Nov/Dec 2005 Issue

Writing a book about but a single arm of George Lucas' Lucasfilm production company would seem to be a reasonable enough task, but in the case of DROIDMAKER, author Michael Rubin has to trace not only Lucas' early film career and the formative events that caused him to construct a well-defended fortress far outside Hollywood, but also Lucasfilm's Computer Division, the development of computer generated imagery, and its ultimate impact on the entire spectrum of entertainment from movies to videogames as well as advances in medical imaging, communications... all that just so the director could finally get Jar Jar Binks up there on the big screen where he belonged. Rubin's book is incredibly detailed, discursive and eye-opening, making Lucas' shadow loom large over the world of contemporary media whether you liked Star Wars prequels or not. The author involves Francis Ford Coppola, Akira Kurosawa, Steven Spielberg, Michael Crichton, Atari, Sun Microsystems, AOL, Pixar and more while occupying a middle ground between the Lucas-sanctioned hagiography of Marcus Hearn's The Cinema of George Lucas and the no-holds barred approach of Dale Pollock's Skywalking. Surprisingly, the three Star Wars prequels, seemingly the raison d'etre for Lucas' groundbreaking push into the world of digital filmmaking in the first place, only rate a brief epilogue in the book: for Rubin, the real story is the paper trail of events and technological developments that led to their being possible in the first place.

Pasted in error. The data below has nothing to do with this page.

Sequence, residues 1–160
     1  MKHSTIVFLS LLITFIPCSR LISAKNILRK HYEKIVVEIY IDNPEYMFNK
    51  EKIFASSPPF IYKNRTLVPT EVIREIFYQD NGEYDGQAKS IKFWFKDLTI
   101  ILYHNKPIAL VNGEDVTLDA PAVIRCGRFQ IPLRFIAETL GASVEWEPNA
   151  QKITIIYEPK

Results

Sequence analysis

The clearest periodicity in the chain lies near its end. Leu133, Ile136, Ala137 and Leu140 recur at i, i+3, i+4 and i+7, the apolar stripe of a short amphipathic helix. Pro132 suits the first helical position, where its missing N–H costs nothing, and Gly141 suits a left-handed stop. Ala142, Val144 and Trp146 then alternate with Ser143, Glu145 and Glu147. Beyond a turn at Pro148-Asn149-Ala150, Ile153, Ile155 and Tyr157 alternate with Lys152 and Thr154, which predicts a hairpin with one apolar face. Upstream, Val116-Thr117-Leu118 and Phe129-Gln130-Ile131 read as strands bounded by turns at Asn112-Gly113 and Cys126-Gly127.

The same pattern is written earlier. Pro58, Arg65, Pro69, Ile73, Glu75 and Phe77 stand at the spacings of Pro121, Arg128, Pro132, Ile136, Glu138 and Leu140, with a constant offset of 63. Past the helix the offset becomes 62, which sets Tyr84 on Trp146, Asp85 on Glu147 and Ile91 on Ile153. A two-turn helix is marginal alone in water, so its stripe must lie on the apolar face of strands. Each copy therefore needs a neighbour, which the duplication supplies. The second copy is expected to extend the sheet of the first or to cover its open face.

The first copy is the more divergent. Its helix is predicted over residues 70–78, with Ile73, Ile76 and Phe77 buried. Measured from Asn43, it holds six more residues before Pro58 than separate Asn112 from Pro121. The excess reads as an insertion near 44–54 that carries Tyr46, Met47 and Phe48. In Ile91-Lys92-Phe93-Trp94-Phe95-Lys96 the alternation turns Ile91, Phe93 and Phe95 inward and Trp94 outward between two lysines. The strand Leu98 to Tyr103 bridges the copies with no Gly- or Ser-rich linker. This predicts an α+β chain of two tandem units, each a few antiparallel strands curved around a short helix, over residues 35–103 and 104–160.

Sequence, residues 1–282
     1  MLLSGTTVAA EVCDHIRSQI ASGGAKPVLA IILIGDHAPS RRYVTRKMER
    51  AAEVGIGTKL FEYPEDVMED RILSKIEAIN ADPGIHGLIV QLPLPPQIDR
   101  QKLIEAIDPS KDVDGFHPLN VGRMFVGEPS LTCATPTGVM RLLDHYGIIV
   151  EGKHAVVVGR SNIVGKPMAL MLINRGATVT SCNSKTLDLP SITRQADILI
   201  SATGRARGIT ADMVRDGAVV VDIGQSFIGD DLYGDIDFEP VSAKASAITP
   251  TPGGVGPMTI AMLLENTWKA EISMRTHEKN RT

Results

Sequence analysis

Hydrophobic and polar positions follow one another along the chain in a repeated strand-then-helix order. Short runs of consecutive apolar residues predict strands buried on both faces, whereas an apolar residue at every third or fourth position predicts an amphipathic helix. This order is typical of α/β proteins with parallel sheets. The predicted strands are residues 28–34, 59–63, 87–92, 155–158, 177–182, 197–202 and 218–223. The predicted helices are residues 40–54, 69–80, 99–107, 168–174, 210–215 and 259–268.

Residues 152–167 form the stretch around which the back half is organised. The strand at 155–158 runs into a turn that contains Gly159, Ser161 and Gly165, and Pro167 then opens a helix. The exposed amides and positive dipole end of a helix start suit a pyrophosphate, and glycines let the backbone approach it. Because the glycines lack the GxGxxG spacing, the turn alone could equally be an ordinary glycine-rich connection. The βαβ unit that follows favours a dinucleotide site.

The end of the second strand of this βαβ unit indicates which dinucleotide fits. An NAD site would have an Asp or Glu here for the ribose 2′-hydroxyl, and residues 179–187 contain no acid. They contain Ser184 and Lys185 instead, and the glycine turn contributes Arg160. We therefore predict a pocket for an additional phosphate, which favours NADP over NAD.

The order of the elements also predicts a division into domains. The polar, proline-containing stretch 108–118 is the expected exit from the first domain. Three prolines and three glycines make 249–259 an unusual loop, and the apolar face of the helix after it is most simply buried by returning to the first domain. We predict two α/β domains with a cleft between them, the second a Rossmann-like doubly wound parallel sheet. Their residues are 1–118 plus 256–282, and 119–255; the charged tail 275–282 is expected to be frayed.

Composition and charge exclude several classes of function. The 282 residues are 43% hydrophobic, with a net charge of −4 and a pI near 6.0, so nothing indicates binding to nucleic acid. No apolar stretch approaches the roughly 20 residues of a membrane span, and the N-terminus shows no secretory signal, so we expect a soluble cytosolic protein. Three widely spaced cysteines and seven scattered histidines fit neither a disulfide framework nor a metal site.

(Four and a half stars) - J.R.